Ontario moves 27 regions from stay-at-home order to reopening framework on Feb. 16
TORONTO -- The Ontario government will allow 27 regions to transition into the province's colour-coded reopening framework Tuesday, ending the stay-at-home order and allowing for a partial reopening of non-essential businesses.
Of the regions moving into the colour-coded system, Niagara will be the only region in the grey-lockdown zone, which will allow businesses to open at 25 per cent capacity.
Toronto, Peel Region, York Region and North Bay Parry Sound District are not included in the regions moving into the tiered system and the stay-at-home order will remain in place until at least Feb. 22
Chatham-Kent Hamilton, Halton Region, Durham Region, Middlesex-London, Region of Waterloo, Simcoe-Muskoka, Thunder Bay District, Wellington-Dufferin Guelph, Windsor-Essex and Southwestern health units will be in the red level.
Brant County, Eastern Ontario, Haldimand-Norfolk, Huron Perth, Lambton, Ottawa, Sudbury, Porcupine and Haliburton, Kawartha, Pine Ridge District health units will be in the orange level.
Algoma, Grey Bruce, Northwestern and Peterborough health units will be in the yellow level.
Leeds, Grenville and Lanark District and Timiskaming health units will be in the least-restrictive green category.
"While we are cautiously and gradually transitioning some regions out of shutdown, with the risk of new variants this is not a reopening or a return to normal," Health Minister Christine Elliott said in a statement Friday. "Until vaccines are widely available, it remains critical that all individuals and families continue to adhere to public health measures and stay home as much as possible to protect themselves, their loved ones and their communities."
The province began a gradual reopening of its economy Wednesday by lifting the stay-at-home order for three regions with low case counts.
Kingston, Frontenac and Lennox and Addington Public Health, Hasting Prince Edward Public Health and Renfrew County and District Health Unit all entered the green level of the colour-coded system, which allowed for activities like indoor dining to resume.
The tiered system is what Ontario was using before the entire province went into lockdown on Dec. 26. The green, yellow, orange, red, and grey levels all come with various levels of restrictions.
The government warned on Monday that any sudden spike in cases could either delay reopening in a region or force part of the province to return to lockdown.
Ontario needs to be 'super cautious' to avoid third wave: Ford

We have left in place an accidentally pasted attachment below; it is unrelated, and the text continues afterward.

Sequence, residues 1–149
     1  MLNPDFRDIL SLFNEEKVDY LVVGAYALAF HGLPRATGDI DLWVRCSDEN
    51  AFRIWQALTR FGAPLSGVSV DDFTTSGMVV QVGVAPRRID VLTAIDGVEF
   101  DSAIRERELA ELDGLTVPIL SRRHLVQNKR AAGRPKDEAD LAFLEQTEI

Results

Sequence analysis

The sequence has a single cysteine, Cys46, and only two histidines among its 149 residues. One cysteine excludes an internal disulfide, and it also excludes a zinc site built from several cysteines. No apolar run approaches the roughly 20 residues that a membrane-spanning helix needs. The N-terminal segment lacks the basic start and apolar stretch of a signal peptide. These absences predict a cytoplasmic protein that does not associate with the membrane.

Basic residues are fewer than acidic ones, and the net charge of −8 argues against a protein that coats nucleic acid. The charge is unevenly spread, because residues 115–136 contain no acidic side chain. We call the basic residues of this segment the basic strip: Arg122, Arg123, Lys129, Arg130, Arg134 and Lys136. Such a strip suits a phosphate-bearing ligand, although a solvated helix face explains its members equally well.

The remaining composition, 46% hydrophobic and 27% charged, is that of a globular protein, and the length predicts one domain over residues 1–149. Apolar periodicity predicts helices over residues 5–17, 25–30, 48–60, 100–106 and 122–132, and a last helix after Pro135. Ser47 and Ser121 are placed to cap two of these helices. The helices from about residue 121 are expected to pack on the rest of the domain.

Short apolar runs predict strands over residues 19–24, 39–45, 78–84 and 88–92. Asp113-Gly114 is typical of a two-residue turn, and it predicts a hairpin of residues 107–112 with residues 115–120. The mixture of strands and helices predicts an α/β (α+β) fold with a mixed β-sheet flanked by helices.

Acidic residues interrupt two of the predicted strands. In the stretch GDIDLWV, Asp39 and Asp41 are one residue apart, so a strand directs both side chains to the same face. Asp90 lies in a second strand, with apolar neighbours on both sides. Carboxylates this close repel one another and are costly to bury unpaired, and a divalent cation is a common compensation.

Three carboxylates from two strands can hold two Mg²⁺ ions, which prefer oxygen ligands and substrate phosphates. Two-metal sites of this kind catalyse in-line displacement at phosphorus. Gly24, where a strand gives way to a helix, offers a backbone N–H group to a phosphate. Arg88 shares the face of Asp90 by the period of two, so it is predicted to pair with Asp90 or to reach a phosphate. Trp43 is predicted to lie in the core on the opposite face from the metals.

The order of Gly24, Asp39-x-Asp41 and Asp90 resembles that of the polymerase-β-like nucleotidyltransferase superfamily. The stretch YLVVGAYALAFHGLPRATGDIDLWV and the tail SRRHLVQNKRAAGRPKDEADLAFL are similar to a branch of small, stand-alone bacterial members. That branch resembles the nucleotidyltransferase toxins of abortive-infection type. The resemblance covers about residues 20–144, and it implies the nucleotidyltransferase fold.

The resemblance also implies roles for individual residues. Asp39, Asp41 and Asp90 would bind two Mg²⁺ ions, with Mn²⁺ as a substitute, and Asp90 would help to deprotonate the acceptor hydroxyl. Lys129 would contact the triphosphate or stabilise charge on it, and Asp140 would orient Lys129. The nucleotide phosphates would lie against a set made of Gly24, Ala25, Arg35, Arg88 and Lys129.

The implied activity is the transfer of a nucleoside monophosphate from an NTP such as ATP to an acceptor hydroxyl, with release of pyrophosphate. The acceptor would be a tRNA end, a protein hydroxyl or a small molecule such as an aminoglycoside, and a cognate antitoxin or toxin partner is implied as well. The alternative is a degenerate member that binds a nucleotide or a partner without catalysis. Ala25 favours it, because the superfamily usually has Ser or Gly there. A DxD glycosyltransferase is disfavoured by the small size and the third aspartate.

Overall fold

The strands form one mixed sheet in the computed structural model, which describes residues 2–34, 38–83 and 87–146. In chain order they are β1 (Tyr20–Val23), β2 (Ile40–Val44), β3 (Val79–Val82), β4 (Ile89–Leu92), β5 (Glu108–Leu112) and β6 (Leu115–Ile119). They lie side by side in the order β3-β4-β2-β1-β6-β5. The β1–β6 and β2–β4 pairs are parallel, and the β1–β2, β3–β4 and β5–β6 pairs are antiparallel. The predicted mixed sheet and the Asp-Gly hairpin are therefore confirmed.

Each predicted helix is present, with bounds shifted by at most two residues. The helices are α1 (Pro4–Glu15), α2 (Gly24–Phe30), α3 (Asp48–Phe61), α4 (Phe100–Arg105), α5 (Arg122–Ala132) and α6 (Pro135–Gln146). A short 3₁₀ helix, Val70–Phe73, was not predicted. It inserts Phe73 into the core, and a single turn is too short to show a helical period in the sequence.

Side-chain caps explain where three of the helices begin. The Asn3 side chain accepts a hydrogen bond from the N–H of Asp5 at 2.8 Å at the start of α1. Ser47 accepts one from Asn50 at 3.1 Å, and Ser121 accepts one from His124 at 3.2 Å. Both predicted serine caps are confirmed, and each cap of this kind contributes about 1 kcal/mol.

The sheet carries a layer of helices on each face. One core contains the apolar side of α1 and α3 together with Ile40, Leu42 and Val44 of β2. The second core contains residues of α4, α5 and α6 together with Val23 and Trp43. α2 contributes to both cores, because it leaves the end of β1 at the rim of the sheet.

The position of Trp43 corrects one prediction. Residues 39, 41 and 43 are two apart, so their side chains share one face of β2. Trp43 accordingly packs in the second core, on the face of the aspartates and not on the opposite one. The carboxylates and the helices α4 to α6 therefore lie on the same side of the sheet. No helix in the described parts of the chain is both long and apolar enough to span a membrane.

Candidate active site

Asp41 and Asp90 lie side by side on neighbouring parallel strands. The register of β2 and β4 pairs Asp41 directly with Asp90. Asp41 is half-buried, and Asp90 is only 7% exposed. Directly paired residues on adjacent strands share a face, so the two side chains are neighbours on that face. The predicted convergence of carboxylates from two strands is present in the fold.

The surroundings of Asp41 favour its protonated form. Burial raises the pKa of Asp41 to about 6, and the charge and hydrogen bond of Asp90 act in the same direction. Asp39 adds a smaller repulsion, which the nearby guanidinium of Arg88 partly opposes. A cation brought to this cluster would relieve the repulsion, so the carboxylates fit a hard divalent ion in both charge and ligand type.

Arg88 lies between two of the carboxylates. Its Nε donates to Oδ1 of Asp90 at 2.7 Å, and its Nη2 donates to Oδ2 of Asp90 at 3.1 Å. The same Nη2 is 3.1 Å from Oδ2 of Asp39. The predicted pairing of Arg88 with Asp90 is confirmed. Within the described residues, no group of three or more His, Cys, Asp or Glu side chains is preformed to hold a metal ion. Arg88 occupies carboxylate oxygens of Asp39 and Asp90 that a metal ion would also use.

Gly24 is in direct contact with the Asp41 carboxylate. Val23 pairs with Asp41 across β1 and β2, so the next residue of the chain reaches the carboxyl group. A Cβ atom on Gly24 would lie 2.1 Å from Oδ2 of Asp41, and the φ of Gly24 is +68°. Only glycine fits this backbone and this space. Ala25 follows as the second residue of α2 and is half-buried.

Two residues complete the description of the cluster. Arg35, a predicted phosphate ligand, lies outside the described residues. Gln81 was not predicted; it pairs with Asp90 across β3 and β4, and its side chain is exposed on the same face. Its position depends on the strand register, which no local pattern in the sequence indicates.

When asked if reopening businesses in Ontario will inevitably lead to a third wave of COVID-19, Premier Doug Ford said the province needs to be "super cautious."
"Folks, please stay home, please don't be travelling, please do not have people over to the house, by no means is this a wide open raw-raw-raw let’s go party.” Ford said Friday. "We saw what happened before and we don't want it to happen again."
Ford said it's up to Ontarians to avoid a third wave by following public health protocols, like staying at home, as much as possible.
"We can avoid it," Ford said. "We thought numbers were going to go up before, everyone pitched in, all Ontarians pitched in and the numbers are going down only because of the work each and every one of you has done."
But infectious disease experts aren’t so sure Ontario can avoid the fate of a third wave while also reopening the economy.
"The third wave is inevitable," Colin Furness, an expert in infectious disease epidemiology from the University of Toronto, told CTV News Toronto earlier this week. "And I think the third wave is the big one for us."
"I am really nervous about reopening in the middle of winter," Furness said.
Furness said that because of the super-contagious COVID-19 variants, he believes that sometime around April, Ontario's case numbers will rise high enough that the province will need to close schools and go into lockdown once again.
According to provincial modelling data released on Thursday, the U.K. strain of COVID-19 is expected to become the dominant source of infection by the end of February in Ontario.
Last week, Simcoe Muskoka Associate Medical Officer of Health Dr. Colin Lee also warned Ontarians to "be prepared for a third wave."
"Variant or not, we should be prepared for a third wave," Lee said. "The question is whether or not the variant will take hold and speed up that timeline.